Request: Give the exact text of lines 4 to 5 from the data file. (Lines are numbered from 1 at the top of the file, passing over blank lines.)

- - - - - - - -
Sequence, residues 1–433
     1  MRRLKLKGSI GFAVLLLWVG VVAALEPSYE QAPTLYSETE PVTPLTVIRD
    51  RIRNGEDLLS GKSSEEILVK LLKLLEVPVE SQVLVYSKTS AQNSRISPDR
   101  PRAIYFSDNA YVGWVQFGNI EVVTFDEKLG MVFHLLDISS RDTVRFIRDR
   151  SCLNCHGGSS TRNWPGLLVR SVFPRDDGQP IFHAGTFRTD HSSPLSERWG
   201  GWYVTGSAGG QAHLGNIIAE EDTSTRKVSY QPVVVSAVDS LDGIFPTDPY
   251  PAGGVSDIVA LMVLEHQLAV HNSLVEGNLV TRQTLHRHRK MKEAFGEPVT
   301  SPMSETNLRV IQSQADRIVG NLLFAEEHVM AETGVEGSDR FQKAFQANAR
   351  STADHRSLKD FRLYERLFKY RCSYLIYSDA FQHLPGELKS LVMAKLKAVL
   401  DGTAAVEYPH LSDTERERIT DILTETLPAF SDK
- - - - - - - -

   101  PRAIYFSDNA YVGWVQFGNI EVVTFDEKLG MVFHLLDISS RDTVRFIRDR
   151  SCLNCHGGSS TRNWPGLLVR SVFPRDDGQP IFHAGTFRTD HSSPLSERWG